Kasmin Gallery announces representation of George Rickey

Art Daily
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George Rickey, Breaking Column III, 1993-2001. Stainless steel, 300 x 14 x 7 inches (762 x 35.6 x 17.8 cm), at rest, 300 x 201 x 7 inches (762 x 510.5 x 17.8 cm), maximum. Photographer: Mark Pollock. © The Estate of George Rickey / licensed by ARS, New York.
George Rickey, Breaking Column III, 1993-2001. Stainless steel, 300 x 14 x 7 inches (762 x 35.6 x 17.8 cm), at rest, 300 x 201 x 7 inches (762 x 510.5 x 17.8 cm), maximum. Photographer: Mark Pollock. © The Estate of George Rickey / licensed by ARS, New York.

NEW YORK, NY.-Kasmin announced exclusive worldwide representation of the work of American sculptor George Rickey (1907–2002). In Fall 2021, the gallery will present two concurrent exhibitions of work by Rickey, beginning with a major offsite installation of nine monumental kinetic sculptures on Park Avenue, as part of an ongoing program presented by The Sculpture Committee of The Fund for Park Avenue and NYC Parks’ Art in the Parks program. Concurrently, three large-scale works will be exhibited in the Kasmin Sculpture Garden, on view from The High Line at 28th Street. Together these exhibitions will constitute the largest show of monumental sculpture by Rickey since the artist’s retrospective at the Guggenheim Museum, New York, in 1979.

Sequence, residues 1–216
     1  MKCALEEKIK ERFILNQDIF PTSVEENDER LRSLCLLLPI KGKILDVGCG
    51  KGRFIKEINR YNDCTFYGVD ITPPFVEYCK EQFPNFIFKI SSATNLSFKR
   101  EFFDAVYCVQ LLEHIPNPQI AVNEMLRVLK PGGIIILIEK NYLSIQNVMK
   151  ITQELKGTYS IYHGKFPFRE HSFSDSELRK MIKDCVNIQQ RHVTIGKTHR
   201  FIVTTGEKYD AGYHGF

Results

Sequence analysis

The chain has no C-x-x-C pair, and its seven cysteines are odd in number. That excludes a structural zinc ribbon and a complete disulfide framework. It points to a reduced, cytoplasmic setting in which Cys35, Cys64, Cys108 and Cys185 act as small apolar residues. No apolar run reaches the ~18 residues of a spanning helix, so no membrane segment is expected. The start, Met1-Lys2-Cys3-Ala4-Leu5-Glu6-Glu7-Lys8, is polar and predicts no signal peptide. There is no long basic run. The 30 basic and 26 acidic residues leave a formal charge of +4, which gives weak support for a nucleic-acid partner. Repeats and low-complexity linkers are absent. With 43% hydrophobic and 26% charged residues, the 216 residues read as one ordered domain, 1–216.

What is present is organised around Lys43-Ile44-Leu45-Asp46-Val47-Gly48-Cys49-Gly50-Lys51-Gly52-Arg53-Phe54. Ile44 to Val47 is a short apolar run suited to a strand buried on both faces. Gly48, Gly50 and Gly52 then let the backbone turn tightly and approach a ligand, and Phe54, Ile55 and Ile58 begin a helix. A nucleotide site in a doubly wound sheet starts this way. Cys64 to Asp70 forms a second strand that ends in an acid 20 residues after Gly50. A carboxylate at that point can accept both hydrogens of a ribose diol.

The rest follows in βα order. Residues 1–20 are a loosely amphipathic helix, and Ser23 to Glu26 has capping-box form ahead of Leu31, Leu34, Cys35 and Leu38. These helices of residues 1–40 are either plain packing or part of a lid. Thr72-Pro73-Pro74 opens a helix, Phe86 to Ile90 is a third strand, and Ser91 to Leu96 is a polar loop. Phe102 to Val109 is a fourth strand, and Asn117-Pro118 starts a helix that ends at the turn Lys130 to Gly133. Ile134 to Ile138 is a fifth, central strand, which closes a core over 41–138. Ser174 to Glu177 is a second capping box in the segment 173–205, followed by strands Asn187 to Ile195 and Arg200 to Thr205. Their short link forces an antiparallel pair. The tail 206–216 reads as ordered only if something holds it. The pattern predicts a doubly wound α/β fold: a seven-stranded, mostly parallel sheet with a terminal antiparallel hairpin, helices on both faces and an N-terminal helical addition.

Eric Gleason, Senior Director at Kasmin, commented, “George Rickey is a singular entity in the history of 20th-century sculpture, and his numerous innovations within the realm of kinetics helped to create and define a genre. Kasmin has a well-documented commitment to placing monumental sculpture in the public realm, and the gallery is thrilled to expand that programming to include Rickey’s work, beginning with the installation along Park Avenue in the Fall of 2021.”

Born in 1907 in South Bend, IN, Rickey spent over five decades committed to the creation of poetic and precisely-calibrated sculptures that he referred to as his “useless machines.” Designed to be situated in the public sphere, the works are activated by their interplay with the surrounding environment, reshaping the landscape and bringing heightened attention to aspects of light, movement, and composition. Of all the natural forces, it was the wind’s movement that most captured Rickey’s imagination. He once wrote, “The artist finds waiting for him, as subject, not the trees, not the flowers, not the landscape, but the waving of branches and the trembling of stems, the piling up or scudding of clouds, the rising and setting, and waxing and waning of heavenly bodies.”